In order to figure out what went wrong, Bob Murray needs to explore both the argument that it was his mine that caused the problem and the possibility that it was a natural fault. Exploring both ideas will lead to contradictory statements.
The mere fact that anything said during the rescue effort will be used in the litigation negatively affects the rescue effort. It makes the effort more dangerous and less likely to succeed.
In some cases, you will find companies failing to take common sense actions after a problem simply because taking such actions is viewed by litigators as an admission of guilt.
If we moved from litigation to arbitration as our primary means of dispute resolution, we might move the dialog from simply trying to protect ourselves to one where we try to find the right course of action.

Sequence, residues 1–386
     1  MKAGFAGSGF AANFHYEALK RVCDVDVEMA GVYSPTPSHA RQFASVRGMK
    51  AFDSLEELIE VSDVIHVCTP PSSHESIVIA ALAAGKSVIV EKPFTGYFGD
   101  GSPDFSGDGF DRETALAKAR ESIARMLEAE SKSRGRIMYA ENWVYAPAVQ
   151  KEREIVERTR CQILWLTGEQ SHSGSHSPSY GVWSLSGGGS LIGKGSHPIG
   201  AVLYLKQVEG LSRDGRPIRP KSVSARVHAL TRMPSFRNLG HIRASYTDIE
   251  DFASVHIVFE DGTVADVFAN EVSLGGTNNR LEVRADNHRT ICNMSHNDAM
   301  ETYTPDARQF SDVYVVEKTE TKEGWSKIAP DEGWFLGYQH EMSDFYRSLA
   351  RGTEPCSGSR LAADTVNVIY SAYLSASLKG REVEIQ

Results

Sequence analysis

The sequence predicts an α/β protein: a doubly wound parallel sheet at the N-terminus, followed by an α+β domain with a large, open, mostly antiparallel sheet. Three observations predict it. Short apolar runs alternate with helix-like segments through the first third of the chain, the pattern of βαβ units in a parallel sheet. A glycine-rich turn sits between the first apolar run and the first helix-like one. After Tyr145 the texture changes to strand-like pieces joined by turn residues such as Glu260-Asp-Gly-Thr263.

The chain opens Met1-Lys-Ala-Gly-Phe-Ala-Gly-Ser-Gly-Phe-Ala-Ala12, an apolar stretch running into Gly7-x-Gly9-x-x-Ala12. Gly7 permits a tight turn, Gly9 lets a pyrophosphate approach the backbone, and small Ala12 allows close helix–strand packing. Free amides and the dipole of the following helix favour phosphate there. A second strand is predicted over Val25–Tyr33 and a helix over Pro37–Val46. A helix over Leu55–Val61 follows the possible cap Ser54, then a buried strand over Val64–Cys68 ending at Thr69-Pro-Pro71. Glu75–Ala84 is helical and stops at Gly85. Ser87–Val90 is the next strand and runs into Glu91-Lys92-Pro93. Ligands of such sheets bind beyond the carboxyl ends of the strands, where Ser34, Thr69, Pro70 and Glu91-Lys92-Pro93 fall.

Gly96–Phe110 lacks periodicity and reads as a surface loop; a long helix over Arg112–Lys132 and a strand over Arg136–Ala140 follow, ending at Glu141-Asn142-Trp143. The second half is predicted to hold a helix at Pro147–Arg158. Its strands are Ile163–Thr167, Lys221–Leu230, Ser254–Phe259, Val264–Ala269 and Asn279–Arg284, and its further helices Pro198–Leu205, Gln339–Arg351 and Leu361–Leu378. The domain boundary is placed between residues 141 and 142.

The massive Mattel Toy Recall is a good example of a company taking proactive steps in dealing with lead contamination. Mattel is a five billion dollar company. Their legal department is probably larger than Bob Murray's mining operation. However, they were pulling things off the shelves and actively engaged in internal investigations when the story broke.
Even the Mattel toy story is marred. An executive in China committed suicide rather than face the impending attacks that because a contractor he selected sold the company lead based paint.